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Predicting disease severity in multiple sclerosis using multimodal data and machine learning

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Item Type:Article
Title:Predicting disease severity in multiple sclerosis using multimodal data and machine learning
Creators Name:Andorra, M. and Freire, A. and Zubizarreta, I. and de Rosbo, N.K. and Bos, S.D. and Rinas, M. and Høgestøl, E.A. and de Rodez Benavent, S.A. and Berge, T. and Brune-Ingebretse, S. and Ivaldi, F. and Cellerino, M. and Pardini, M. and Vila, G. and Pulido-Valdeolivas, I. and Martinez-Lapiscina, E.H. and Llufriu, S. and Saiz, A. and Blanco, Y. and Martinez-Heras, E. and Solana, E. and Bäcker-Koduah, P. and Behrens, J. and Kuchling, J. and Asseyer, S. and Scheel, M. and Chien, C. and Zimmermann, H. and Motamedi, S. and Kauer-Bonin, J. and Brandt, A. and Saez-Rodriguez, J. and Alexopoulos, L.G. and Paul, F. and Harbo, H.F. and Shams, H. and Oksenberg, J. and Uccelli, A. and Baeza-Yates, R. and Villoslada, P.
Abstract:BACKGROUND: Multiple sclerosis patients would benefit from machine learning algorithms that integrates clinical, imaging and multimodal biomarkers to define the risk of disease activity. METHODS: We have analysed a prospective multi-centric cohort of 322 MS patients and 98 healthy controls from four MS centres, collecting disability scales at baseline and 2 years later. Imaging data included brain MRI and optical coherence tomography, and omics included genotyping, cytomics and phosphoproteomic data from peripheral blood mononuclear cells. Predictors of clinical outcomes were searched using Random Forest algorithms. Assessment of the algorithm performance was conducted in an independent prospective cohort of 271 MS patients from a single centre. RESULTS: We found algorithms for predicting confirmed disability accumulation for the different scales, no evidence of disease activity (NEDA), onset of immunotherapy and the escalation from low- to high-efficacy therapy with intermediate to high-accuracy. This accuracy was achieved for most of the predictors using clinical data alone or in combination with imaging data. Still, in some cases, the addition of omics data slightly increased algorithm performance. Accuracies were comparable in both cohorts. CONCLUSION: Combining clinical, imaging and omics data with machine learning helps identify MS patients at risk of disability worsening.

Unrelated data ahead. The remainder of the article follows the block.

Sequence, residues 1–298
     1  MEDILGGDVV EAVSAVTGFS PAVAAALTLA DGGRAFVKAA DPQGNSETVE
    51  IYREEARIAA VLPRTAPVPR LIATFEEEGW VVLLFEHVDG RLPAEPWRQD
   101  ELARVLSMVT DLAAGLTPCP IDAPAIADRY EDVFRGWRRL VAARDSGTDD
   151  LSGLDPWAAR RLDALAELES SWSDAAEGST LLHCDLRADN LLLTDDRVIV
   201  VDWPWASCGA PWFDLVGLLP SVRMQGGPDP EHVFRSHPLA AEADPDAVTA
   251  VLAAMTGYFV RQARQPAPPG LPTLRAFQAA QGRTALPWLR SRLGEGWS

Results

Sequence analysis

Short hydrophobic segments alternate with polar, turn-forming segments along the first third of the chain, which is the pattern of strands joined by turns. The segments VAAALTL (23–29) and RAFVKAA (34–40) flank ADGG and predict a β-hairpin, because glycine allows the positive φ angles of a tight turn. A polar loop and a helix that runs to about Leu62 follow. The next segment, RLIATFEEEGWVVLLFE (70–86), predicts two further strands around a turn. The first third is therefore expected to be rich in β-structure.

Keywords:Multiple Sclerosis, Omics, Imaging, Machine Learning, Precision Medicine
Source:Journal of Neurology
Page Range:1133-1149
Date:March 2024
Official Publication:https://doi.org/10.1007/s00415-023-12132-z
PubMed:View item in PubMed

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